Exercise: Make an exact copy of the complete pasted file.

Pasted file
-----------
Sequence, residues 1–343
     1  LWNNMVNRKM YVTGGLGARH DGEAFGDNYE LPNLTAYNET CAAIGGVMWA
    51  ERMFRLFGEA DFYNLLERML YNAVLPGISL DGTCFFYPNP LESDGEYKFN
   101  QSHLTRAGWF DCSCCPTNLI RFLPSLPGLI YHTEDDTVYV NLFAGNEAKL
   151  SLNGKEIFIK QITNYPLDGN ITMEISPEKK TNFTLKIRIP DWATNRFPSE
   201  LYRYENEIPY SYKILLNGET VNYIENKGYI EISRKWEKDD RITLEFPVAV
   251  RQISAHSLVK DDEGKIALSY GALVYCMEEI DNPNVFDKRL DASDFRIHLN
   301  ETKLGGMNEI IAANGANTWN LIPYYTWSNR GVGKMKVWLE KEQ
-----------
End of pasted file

Sequence, residues 1–343
     1  LWNNMVNRKM YVTGGLGARH DGEAFGDNYE LPNLTAYNET CAAIGGVMWA
    51  ERMFRLFGEA DFYNLLERML YNAVLPGISL DGTCFFYPNP LESDGEYKFN
   101  QSHLTRAGWF DCSCCPTNLI RFLPSLPGLI YHTEDDTVYV NLFAGNEAKL
   151  SLNGKEIFIK QITNYPLDGN ITMEISPEKK TNFTLKIRIP DWATNRFPSE
   201  LYRYENEIPY SYKILLNGET VNYIENKGYI EISRKWEKDD RITLEFPVAV
   251  RQISAHSLVK DDEGKIALSY GALVYCMEEI DNPNVFDKRL DASDFRIHLN
   301  ETKLGGMNEI IAANGANTWN LIPYYTWSNR GVGKMKVWLE KEQ